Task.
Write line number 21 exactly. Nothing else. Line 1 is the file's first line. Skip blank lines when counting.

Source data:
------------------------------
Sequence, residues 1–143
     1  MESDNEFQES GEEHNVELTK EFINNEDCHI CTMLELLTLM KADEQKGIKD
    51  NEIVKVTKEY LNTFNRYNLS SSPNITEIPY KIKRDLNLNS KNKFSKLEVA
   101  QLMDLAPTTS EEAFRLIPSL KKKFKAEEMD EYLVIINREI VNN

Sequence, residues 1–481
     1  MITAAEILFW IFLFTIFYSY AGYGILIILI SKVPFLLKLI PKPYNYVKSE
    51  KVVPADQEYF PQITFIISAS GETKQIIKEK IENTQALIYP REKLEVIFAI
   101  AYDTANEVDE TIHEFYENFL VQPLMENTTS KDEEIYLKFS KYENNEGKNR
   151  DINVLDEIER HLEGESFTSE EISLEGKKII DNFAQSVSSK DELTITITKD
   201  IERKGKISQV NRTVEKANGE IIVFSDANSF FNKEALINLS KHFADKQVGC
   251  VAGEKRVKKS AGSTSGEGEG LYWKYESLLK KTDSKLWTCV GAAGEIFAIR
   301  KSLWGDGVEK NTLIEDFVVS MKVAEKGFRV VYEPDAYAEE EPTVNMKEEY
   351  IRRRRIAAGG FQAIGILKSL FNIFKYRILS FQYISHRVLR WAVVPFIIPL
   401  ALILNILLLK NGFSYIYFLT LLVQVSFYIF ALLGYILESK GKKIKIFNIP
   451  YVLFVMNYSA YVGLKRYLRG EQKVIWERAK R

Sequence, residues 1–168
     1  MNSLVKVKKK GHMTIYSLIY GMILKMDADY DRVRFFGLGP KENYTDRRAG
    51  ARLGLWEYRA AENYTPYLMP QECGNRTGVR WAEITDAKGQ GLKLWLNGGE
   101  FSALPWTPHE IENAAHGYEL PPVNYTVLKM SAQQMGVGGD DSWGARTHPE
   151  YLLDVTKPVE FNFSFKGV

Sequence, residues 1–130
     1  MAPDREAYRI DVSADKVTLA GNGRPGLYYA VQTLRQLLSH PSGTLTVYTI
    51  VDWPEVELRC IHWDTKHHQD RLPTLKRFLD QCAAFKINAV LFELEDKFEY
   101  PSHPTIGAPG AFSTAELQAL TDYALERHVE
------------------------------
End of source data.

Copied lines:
Sequence, residues 1–130